Field in Navarra, Spain. Yields might halve by 2050. Photo: © vicenfoto /

Climate change threat to European farming

Yields from non-irrigated crops, such as wheat, corn and sugar beet, are projected to decrease in southern Europe by up to 50 per cent by 2050, according to scenarios in a report from the European Environment Agency (EEA). The report notes that it will have major effects on farmers’ income and land prices in the region. However, it is not believed that this is enough to threaten food security in the European Union, though food prices are likely to rise in the coming decades.

Although the EU has an overall adaptation strategy, the EEA sees flaws in farm-level implementation. The report stresses that more knowledge, innovation and awareness raising are required to improve the effective use of the already available adaptation measures, like introducing adapted crops, improved irrigation techniques, field margins and agroforestry, crop diversification or precision farming. These practices should also lead to lower greenhouse gas and air pollutant emissions, better management of soil, land and water resources, which in turn will help preserve local ecosystems and biodiversity.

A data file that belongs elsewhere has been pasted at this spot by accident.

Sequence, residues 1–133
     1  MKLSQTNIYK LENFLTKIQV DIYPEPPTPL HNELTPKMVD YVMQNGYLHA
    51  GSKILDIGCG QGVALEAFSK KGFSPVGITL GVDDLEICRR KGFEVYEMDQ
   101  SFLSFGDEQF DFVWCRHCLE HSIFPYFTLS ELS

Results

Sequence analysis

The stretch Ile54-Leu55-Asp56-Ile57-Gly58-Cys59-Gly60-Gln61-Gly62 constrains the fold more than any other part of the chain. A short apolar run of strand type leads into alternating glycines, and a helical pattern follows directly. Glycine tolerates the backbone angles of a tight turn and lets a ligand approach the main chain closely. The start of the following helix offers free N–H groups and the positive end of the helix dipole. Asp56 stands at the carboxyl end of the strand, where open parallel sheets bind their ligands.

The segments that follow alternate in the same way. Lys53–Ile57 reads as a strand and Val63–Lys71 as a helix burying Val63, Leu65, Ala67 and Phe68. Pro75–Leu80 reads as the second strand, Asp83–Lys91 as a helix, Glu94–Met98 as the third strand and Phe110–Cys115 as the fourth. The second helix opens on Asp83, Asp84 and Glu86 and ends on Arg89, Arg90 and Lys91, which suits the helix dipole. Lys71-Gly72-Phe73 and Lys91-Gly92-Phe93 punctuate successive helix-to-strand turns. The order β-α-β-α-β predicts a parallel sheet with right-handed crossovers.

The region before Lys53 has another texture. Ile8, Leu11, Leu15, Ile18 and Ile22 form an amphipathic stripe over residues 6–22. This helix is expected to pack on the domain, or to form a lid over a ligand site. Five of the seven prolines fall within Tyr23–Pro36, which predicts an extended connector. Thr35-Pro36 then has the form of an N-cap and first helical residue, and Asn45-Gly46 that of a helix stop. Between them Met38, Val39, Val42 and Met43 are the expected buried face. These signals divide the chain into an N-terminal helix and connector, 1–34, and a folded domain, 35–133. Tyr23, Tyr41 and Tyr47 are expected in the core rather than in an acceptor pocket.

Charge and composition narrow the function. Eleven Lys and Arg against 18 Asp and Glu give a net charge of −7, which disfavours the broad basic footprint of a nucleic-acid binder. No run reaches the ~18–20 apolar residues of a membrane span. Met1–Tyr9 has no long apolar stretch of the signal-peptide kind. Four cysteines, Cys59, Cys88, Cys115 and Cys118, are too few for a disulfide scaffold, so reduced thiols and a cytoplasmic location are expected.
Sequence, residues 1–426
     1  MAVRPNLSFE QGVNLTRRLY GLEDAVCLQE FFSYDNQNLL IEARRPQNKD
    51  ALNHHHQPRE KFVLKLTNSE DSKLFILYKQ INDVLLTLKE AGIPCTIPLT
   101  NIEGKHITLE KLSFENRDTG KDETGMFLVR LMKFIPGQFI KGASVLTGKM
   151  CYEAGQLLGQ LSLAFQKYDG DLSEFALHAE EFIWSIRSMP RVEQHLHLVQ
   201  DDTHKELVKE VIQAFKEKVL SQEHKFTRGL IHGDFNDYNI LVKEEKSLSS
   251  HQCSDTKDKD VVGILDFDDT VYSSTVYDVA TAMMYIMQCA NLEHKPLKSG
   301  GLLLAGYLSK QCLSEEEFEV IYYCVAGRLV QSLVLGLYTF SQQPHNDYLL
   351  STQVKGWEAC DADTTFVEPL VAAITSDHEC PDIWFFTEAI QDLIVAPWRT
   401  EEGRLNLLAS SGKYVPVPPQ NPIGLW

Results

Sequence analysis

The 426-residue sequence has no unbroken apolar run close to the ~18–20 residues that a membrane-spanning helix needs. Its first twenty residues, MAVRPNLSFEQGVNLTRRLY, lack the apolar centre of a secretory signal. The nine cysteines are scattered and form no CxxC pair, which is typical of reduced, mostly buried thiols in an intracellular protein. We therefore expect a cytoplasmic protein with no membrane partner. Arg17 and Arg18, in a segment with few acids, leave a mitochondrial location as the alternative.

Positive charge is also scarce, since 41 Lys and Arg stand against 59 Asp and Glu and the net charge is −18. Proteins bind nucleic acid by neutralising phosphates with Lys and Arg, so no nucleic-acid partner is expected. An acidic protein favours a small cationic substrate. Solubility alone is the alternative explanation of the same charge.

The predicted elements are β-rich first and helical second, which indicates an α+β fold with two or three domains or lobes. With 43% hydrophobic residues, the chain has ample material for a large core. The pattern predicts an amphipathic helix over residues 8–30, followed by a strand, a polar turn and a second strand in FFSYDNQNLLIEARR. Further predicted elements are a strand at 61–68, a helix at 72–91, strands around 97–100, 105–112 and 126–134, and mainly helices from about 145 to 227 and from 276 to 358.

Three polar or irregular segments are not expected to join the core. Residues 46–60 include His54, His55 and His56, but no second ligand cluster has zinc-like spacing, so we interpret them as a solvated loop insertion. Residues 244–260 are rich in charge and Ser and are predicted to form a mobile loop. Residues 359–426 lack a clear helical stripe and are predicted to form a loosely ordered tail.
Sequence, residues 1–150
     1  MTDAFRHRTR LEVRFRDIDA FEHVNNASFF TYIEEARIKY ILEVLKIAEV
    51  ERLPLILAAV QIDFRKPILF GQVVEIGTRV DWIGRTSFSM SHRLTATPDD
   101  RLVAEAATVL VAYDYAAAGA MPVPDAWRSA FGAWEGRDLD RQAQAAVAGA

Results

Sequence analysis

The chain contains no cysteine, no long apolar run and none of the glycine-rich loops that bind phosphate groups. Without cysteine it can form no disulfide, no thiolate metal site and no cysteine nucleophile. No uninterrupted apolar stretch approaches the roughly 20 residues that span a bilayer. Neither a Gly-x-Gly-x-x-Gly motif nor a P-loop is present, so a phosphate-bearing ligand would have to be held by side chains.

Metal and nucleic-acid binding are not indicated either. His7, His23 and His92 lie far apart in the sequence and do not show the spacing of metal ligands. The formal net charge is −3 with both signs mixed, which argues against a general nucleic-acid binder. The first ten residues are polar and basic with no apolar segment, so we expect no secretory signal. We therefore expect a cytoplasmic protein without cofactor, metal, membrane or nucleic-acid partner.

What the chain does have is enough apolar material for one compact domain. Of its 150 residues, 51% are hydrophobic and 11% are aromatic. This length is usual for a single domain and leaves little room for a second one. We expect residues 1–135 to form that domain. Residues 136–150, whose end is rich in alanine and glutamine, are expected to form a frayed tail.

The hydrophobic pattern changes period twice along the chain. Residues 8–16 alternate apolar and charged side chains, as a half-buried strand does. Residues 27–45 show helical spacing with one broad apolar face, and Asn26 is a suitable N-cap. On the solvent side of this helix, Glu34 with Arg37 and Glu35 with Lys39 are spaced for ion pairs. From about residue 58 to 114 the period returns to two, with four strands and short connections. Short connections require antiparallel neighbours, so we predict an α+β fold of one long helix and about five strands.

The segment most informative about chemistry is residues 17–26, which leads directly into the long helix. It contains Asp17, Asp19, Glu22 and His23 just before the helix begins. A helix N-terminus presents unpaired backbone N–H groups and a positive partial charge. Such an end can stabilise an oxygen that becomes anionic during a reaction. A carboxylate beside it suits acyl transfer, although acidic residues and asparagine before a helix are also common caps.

The report also emphasises the need for the farming sector to reduce its own greenhouse gas emissions. Measures highlighted are improvements in fertiliser use, in manure handling efficiencies and in animal productivity through breeding, as well as changes in consumer behaviour, like eating less meat and reducing food waste.

Report Climate Change Adaption in the Agricultural Sector in Europe



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